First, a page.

David Bourget (Western Ontario)
David Chalmers (ANU, NYU)
Rafael De Clercq
Ezio Di Nucci
Jack Alan Reynolds
Learn more about PhilPapers
Derrida Today 1 (1):119-130 (2008)
How might we begin to think about deconstruction in relation to the formulation of political policy? Once we begin to ask this question the whole idea of policy as such is put in question and conversely the limitations of philosophy as the basis for political decision making quickly become apparent. Through a consideration of this problem and by reference to a number of key tropes in Derrida's later writings, this essay begins the task of thinking about the deconstruction of policy and of asking what the future role of deconstructive thought might be
|Keywords||No keywords specified (fix it)|
|Categories||categorize this paper)|
Setup an account with your affiliations in order to access resources via your University's proxy server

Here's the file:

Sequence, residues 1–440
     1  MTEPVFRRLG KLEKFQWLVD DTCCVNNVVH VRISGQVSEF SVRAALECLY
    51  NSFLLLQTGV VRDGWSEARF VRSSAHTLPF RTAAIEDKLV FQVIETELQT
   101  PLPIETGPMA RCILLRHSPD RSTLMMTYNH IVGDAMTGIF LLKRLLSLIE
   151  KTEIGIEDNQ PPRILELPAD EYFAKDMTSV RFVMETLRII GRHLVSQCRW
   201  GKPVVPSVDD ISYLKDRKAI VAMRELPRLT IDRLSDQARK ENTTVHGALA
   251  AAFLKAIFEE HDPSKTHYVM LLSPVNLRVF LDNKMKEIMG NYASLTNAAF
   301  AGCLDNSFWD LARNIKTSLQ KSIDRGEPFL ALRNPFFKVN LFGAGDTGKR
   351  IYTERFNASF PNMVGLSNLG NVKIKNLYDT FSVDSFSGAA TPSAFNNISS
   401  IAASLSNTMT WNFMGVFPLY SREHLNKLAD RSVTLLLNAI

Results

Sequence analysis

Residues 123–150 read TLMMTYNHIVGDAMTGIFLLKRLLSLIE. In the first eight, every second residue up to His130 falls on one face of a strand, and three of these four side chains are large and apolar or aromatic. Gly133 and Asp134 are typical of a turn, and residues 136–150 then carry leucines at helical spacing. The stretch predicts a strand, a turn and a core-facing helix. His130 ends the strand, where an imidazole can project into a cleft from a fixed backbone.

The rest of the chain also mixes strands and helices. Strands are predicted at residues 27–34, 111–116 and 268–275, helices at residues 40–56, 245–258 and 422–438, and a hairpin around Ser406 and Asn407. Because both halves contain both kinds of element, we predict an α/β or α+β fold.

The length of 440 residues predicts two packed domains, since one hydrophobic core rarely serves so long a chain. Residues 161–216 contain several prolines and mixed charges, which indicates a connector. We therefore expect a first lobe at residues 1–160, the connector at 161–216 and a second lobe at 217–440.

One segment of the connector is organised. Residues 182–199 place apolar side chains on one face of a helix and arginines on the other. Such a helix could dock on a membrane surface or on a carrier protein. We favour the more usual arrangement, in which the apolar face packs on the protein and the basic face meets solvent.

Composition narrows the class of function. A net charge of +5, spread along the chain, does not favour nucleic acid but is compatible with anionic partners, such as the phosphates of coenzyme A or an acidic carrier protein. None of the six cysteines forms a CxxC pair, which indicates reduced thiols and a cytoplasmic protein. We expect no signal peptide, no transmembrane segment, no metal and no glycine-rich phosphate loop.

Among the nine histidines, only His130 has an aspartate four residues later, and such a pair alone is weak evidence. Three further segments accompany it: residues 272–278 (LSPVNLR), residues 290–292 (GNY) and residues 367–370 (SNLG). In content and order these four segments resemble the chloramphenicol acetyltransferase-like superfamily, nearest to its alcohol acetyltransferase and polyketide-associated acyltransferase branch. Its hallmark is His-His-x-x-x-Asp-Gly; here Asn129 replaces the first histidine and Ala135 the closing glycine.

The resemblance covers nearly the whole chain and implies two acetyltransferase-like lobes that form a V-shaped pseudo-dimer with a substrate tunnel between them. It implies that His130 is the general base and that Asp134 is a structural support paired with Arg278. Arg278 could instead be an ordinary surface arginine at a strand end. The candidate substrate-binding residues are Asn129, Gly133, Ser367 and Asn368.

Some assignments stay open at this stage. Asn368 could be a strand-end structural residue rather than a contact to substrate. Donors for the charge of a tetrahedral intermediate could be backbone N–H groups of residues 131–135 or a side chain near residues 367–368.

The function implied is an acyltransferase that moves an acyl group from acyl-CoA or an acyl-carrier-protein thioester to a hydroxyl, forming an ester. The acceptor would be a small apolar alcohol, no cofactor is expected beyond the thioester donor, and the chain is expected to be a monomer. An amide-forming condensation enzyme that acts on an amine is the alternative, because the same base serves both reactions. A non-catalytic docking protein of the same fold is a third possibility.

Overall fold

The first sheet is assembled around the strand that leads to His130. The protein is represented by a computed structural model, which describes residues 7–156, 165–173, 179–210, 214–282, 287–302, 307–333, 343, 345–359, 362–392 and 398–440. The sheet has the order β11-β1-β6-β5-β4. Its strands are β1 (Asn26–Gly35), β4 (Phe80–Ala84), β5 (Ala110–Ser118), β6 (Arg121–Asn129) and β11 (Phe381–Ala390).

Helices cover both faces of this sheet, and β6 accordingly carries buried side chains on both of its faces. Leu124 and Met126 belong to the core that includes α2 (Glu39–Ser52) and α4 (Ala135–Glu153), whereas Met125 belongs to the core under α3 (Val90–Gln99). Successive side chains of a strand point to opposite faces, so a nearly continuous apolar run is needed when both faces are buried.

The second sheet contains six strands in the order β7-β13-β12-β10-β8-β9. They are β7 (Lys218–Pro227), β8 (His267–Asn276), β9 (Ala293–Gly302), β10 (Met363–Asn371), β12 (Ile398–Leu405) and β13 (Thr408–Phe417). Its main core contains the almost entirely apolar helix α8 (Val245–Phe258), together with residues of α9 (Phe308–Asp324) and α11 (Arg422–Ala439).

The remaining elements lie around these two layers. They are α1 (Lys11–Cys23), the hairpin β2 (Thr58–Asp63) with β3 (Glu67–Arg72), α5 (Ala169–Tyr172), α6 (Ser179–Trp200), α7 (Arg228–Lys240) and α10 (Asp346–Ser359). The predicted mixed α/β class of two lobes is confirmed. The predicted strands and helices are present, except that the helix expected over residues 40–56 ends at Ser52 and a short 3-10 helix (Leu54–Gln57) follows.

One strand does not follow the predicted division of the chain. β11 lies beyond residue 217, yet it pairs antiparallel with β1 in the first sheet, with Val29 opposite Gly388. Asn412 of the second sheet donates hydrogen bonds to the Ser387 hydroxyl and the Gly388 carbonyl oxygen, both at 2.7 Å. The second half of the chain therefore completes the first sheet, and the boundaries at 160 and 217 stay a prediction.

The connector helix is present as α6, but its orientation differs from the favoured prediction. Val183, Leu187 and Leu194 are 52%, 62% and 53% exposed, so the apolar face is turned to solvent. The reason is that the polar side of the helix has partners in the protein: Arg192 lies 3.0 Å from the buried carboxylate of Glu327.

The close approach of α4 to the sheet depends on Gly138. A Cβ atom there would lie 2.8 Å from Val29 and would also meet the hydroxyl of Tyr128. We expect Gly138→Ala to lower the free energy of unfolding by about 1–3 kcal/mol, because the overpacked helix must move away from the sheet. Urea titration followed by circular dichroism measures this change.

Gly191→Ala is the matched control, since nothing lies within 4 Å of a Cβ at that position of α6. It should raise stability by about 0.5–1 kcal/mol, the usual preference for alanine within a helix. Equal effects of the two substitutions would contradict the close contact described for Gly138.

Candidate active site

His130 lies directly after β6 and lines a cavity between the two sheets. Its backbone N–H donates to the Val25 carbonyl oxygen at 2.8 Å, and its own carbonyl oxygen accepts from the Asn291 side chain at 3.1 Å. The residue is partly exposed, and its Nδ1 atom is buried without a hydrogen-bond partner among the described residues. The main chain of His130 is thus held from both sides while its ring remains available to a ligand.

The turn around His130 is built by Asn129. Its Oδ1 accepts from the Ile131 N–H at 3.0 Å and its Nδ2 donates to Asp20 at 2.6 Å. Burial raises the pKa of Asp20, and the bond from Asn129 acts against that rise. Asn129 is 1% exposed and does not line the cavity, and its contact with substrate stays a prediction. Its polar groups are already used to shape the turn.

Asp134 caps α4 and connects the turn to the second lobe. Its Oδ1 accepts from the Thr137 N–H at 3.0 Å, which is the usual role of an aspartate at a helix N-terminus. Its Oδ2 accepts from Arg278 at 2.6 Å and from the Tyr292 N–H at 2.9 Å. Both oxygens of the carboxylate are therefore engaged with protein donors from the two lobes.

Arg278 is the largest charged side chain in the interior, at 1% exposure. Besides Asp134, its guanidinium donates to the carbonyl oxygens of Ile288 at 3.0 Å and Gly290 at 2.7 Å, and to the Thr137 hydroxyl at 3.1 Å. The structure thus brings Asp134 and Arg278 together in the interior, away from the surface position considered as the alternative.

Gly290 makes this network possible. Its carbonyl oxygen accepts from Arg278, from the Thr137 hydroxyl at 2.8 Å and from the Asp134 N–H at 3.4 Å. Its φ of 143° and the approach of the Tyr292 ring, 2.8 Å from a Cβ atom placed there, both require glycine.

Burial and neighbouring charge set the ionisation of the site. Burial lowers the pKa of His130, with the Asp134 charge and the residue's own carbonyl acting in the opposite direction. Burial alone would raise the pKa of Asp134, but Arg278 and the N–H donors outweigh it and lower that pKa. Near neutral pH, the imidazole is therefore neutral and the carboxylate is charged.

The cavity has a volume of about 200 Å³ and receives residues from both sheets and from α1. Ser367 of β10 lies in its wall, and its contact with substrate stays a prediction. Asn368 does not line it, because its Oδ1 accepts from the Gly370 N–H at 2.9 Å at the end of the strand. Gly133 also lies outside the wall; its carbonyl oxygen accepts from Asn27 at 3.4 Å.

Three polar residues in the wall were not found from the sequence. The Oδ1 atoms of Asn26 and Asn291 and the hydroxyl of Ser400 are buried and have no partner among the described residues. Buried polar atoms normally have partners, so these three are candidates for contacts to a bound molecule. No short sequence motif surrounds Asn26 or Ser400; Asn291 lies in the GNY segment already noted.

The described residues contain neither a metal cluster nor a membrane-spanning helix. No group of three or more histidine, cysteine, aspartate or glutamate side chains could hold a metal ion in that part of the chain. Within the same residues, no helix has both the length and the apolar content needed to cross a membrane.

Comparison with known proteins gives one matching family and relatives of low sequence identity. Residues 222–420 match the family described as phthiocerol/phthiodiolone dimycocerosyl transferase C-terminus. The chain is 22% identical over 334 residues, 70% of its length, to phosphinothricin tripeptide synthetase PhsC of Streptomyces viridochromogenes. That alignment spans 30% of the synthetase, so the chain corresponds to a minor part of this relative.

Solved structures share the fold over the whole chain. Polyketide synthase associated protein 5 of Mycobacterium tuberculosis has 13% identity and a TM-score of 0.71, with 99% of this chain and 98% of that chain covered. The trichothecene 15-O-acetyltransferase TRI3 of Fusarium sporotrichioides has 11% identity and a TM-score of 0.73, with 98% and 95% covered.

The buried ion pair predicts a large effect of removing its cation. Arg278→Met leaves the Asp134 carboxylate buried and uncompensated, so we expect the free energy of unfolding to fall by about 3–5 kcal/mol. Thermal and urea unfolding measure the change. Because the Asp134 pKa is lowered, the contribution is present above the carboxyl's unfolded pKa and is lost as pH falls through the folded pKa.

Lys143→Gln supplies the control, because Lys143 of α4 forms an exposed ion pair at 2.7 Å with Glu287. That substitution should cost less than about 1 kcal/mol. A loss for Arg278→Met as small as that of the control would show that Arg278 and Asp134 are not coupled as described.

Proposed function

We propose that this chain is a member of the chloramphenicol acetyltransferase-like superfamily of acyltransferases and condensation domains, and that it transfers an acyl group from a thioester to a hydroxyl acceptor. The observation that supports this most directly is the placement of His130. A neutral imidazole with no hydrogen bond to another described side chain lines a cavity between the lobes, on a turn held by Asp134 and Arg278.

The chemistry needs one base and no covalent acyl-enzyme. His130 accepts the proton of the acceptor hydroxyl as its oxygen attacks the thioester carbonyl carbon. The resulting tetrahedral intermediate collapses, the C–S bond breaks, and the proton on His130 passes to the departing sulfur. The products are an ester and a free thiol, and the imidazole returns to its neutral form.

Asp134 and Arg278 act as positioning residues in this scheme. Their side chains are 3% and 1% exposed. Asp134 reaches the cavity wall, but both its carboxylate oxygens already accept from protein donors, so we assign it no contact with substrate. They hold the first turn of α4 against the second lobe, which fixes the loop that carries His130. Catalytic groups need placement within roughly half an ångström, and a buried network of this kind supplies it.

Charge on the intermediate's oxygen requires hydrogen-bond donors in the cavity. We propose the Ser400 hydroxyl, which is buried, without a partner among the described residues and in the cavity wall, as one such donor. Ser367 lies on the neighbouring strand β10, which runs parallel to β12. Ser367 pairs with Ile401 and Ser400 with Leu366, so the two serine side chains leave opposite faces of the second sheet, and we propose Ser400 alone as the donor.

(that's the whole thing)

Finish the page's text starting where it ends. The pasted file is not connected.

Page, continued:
Configure custom proxy (use this if your affiliation does not provide a proxy)
|Through your library|
References found in this work BETA
No references found.
Citations of this work BETA
Martin McQuillan (2009). Extra Time and the Death Penalties: On a Newly Arisen Violent Tone in Philosophy. Derrida Today 2 (2):133-150.
Similar books and articles
Christine Winter (2006). Doing Justice to Geography in the Secondary School: Deconstruction, Invention and the National Curriculum. British Journal of Educational Studies 54 (2):212 - 229.
Adrian Costache (2011). On the Philosophical Styles of the Times: Some Questions Concerning the Meaning of Deconstruction. Journal for Communication and Culture 1 (2):20-29.
Patrick O'Connor (2007). Derrida's Worldly Responsibility. Southern Journal of Philosophy 45 (2):303-334.
Joshua Kates (2008). Fielding Derrida: Philosophy, Literary Criticism, History, and the Work of Deconstruction. Fordham University Press.
Added to index2010-07-11
Total downloads42 ( #99,193 of 1,907,384 )
Recent downloads (6 months)9 ( #78,294 of 1,907,384 )
How can I increase my downloads?